Applied Catalysis A: General, Vol.186, No.1-2, 201-213, 1999
Comparative study of Fischer-Tropsch synthesis with H-2/CO and H-2/CO2 syngas using Fe- and Co-based catalysts
Hydrogenation of CO, CO2 and their mixtures has been comparatively studied with a Co-MnO-Aerosil-Pt and a Fe-Al2O3-Cu-K catalyst at the University of Karlsruhe. With iron catalysts as promising for CO2 hydrogenation, their composition was varied: (1) several supports (SiO2, TiO2, Al2O3), (2) alkali promotion (Li, Na, K, Rb), (3) usage of Zeolite Y as catalyst component. The catalysts were characterised by adsorption methods, XRD, TPR and temperature programmed decarburisation after a H-2/CO2 treatment (Korea Research Institute of Chemical Technology). Iron and cobalt catalysts behaved differently in CO2 hydrogenation. With the alkalised iron catalyst the same hydrocarbon product composition was obtained from a H-2/CO2 and from a H-2/CO synthesis gas in spite of the CO partial pressure remaining low, specifically due to water gas shift equilibrium constraints. With the cobalt catalyst at increasing CO2 and respectively decreasing CO content of the syngas, the product composition shifted from a Fischer-Tropsch type (mainly higher hydrocarbons) to almost exclusively methane. These basically different catalyst behaviours are explained by different modes of formation of the kinetic regime of FT synthesis-selective inhibition of methane formation and the selective inhibition of product desorption as a prerequisite for chain growth-in the case of iron through irreversible carbiding and alkali surface coverage and in case of cobalt through strong reversible CO adsorption. Investigation of the various modified iron catalysts showed alumina to be the best support for CO2 hydrogenation and potassium to act as a powerful promotor. With the Fe-Y-zeolite-alkali catalysts, a decrease of methane selectivity was observed in the order Li < Na < K < Rb being applied as promoters.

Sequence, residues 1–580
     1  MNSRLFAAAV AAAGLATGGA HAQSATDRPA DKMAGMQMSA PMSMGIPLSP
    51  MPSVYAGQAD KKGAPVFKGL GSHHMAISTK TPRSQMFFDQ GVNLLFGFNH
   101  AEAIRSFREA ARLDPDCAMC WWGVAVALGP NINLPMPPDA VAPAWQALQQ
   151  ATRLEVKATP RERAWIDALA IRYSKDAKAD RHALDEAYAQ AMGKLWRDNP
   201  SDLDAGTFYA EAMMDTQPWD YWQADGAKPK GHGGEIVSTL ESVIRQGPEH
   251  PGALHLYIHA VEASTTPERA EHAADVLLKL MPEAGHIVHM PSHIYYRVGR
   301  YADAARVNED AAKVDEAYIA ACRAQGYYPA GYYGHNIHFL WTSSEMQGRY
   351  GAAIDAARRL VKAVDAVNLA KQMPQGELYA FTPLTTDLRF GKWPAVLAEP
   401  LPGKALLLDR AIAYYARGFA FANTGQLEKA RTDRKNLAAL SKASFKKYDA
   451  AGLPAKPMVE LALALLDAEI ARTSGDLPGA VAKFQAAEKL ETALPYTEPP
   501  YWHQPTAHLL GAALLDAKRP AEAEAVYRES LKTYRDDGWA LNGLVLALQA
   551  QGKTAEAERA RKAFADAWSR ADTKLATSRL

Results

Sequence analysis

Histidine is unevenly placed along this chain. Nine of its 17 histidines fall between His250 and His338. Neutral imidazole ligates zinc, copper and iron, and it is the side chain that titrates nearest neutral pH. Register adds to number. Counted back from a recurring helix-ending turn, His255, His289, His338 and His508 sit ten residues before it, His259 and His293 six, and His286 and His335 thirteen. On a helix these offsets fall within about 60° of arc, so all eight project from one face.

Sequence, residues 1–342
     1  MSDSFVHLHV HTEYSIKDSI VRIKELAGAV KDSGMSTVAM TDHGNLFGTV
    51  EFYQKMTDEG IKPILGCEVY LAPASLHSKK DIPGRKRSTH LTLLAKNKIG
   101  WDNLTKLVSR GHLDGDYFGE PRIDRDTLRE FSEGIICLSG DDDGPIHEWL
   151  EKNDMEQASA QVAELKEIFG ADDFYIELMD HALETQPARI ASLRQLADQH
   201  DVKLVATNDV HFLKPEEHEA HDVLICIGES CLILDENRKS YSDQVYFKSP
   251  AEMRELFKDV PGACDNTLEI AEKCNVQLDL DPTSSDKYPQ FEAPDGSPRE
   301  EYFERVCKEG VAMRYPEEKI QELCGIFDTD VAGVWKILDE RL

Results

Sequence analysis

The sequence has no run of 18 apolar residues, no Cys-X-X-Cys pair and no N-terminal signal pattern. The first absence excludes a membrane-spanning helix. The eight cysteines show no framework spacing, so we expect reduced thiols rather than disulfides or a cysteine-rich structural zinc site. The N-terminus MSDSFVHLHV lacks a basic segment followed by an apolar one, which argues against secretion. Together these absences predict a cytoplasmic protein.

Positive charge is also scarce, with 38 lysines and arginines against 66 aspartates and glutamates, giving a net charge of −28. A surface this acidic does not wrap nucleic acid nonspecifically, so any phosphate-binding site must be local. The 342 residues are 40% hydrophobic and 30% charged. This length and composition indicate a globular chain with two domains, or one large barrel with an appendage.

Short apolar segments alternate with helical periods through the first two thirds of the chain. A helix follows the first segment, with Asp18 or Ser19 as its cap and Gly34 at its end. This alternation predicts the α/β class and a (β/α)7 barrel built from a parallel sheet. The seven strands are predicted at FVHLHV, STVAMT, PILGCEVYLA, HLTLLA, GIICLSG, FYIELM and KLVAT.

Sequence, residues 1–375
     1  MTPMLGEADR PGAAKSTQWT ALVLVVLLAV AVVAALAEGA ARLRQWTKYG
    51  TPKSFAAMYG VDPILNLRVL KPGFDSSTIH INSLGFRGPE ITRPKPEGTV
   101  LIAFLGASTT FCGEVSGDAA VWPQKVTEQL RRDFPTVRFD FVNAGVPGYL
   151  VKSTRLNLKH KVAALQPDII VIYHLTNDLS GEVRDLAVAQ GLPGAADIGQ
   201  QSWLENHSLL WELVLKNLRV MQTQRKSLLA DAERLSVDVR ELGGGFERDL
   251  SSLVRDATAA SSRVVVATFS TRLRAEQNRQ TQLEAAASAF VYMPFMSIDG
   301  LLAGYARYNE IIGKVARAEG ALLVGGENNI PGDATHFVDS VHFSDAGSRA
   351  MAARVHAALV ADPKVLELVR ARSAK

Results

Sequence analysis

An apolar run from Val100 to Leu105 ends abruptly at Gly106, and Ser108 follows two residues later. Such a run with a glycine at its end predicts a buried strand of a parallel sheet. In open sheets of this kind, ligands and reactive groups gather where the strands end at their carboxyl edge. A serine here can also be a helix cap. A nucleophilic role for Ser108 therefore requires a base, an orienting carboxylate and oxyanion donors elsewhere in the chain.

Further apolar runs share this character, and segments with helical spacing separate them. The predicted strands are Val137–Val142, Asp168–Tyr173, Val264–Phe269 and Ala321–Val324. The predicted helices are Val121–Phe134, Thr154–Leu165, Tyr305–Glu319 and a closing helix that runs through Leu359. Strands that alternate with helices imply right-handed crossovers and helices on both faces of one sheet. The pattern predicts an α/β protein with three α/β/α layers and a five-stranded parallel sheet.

Keywords:Fischer-Tropsch synthesis;comparison of H-2/CO and H-2/CO2 syngas;Fe- and Co-based catalysts